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Let $A=\left( \begin{array}{cc}0 & 1\\ \end{array}\right)$ and $B=\left( \begin{array}{cc}1 & 0\\ \end{array}\right)$ be two $1\times 2$ matrices.

What is the dimension of $\operatorname{span}\ker(A) \cap \operatorname{span}\ker(B)$?

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closed as not a real question by Asaf Karagila, BenjaLim, Old John, William, Rudy the Reindeer Sep 3 '12 at 10:22

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It is not clear what is meant by the kernel of a vector. –  Gerry Myerson Jul 12 '12 at 9:41
sorry A and B are matrices –  Nithish Pai Jul 12 '12 at 9:45
So $A$ and $B$ are $1\times 2$ matrices which look like $$ \left( \begin{array}{cc} a & b \\ \end{array}\right), $$ or $2\times 1$ matrices, which have the form $$ \left( \begin{array}{c} a \\ b \\ \end{array}\right)?$$ –  math-visitor Jul 12 '12 at 10:19
A and B are 1*2 matrices –  Nithish Pai Jul 12 '12 at 10:22
The kernel is already a vector space, so there is no need to put "span" in front of it (though it did cause me to wonder what the "spanker" of a matrix might be...). –  Gerry Myerson Jul 12 '12 at 12:35

2 Answers 2

The kernel of $A$ is spanned by the vector $(1,0)$ while the kernel of $B$ is spanned by the vector $(0,1)$. So $\ker A$ is $1$-dimensional as well as $\ker B$.

Since $span\{(1,0)\}\cap span \{(0,1)\}=(0,0)$, the dimension of the intersection of the two subspaces is $0$.

Edit: let me explain how one computes the kernel for each $A$ and $B$. You want to find all column vectors $$ v = \left( \begin{array}{c} x \\ y \\ \end{array}\right) $$ so that $Av=0$ (this will give you the null space of $A$) and $Bv=0$ (this will give you the null space for $B$). Computing $Av$, we get $$ Av = \left( \begin{array}{cc} 0 & 1\end{array}\right) \left( \begin{array}{c} x \\ y \\ \end{array}\right) = 0 x + 1 y = y. $$ Since we need to set this equal to zero, we get $y=0$. So the set of all those vectors satisfying $Av=0$ are of the form $(x,0)$ where $x$ varies over the real numbers. Thus $$ \ker (A)= \{ (x,0): x\in \mathbb{R}\} = \{ x(1,0): x\in \mathbb{R}\} = span\{ (1,0)\}. $$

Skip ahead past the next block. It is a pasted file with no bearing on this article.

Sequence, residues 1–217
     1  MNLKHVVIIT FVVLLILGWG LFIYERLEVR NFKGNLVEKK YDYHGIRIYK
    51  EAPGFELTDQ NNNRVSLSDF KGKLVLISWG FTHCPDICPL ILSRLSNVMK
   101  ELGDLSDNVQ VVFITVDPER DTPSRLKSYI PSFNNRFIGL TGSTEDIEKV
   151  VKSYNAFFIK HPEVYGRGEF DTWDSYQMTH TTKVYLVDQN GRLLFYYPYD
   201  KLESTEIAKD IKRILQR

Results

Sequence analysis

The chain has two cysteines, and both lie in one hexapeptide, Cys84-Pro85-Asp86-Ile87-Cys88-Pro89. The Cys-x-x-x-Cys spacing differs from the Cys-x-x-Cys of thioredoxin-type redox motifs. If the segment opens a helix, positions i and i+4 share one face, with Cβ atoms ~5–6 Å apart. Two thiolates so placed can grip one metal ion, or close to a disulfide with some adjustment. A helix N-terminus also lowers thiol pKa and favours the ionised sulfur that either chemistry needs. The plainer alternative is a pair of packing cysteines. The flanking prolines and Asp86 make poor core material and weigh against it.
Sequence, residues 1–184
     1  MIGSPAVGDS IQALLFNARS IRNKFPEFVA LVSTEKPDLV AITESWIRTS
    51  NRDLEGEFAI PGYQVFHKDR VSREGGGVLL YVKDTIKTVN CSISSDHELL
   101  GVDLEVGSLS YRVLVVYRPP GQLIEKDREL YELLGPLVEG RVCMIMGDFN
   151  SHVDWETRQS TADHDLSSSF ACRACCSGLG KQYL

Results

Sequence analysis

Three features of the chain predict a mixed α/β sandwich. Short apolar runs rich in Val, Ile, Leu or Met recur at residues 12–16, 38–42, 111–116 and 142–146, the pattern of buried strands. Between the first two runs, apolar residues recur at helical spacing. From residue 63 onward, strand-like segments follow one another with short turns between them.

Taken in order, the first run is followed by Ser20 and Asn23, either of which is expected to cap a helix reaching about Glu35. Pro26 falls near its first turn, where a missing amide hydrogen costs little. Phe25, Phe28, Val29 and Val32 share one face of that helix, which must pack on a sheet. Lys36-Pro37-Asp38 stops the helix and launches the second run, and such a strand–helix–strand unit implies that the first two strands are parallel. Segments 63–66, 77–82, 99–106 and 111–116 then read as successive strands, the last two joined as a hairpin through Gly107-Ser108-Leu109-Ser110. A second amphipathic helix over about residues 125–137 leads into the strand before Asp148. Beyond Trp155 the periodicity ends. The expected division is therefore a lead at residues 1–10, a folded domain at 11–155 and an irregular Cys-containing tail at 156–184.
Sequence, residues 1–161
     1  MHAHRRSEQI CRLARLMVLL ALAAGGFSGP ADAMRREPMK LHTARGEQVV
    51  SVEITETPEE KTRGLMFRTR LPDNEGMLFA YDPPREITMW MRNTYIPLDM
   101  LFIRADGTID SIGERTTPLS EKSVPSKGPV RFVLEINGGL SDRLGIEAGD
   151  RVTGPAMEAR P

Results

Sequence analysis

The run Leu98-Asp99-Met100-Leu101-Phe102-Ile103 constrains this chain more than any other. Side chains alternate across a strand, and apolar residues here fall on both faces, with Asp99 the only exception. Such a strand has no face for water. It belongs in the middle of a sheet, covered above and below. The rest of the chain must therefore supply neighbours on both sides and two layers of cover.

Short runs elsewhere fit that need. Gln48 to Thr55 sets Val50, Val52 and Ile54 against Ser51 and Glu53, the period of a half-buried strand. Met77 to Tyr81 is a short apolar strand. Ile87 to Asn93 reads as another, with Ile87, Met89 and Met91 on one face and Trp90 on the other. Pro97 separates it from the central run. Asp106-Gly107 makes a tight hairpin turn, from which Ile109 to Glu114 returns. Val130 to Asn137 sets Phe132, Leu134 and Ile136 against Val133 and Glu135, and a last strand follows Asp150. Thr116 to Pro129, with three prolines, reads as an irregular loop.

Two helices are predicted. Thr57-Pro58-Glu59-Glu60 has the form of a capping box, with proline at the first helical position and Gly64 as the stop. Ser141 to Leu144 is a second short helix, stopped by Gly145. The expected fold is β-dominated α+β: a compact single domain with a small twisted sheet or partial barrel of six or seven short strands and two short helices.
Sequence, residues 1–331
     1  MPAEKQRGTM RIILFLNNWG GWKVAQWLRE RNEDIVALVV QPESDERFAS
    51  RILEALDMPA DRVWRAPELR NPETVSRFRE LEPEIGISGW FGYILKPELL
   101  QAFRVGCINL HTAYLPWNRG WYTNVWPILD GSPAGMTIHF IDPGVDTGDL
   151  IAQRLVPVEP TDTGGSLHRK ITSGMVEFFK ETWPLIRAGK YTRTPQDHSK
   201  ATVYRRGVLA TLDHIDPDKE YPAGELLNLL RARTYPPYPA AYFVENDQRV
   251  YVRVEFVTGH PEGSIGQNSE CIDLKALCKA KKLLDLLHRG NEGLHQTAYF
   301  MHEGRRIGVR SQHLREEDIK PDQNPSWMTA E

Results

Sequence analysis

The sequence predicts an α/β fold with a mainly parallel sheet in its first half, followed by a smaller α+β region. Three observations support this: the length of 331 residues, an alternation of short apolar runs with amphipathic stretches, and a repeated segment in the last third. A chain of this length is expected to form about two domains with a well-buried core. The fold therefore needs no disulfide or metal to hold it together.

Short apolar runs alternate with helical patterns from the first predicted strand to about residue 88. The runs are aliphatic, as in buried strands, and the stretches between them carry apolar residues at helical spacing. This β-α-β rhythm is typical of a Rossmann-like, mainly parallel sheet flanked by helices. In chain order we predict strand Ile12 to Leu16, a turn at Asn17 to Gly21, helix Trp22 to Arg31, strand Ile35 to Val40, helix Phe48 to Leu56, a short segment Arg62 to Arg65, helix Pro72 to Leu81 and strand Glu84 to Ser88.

The same analysis works for $B$.

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thank u.... The dimensions of their union will be 2 right –  Nithish Pai Jul 12 '12 at 10:44
thank u very much –  Nithish Pai Jul 12 '12 at 11:05
The union of the kernels is not even a vector space. So the notion of dimension is not defined (at least not in the linear algebra world). –  Simon Markett Jul 12 '12 at 11:35

If $Av=0$ and $Bv=0$ then $\binom BAv=0$, where $\binom BA$ is the $2\times 2$ matrix with first line $B$ and second line $A$. But then $\binom BA=E$ the identity matrix. So $\binom BAv=Ev=v=0$.

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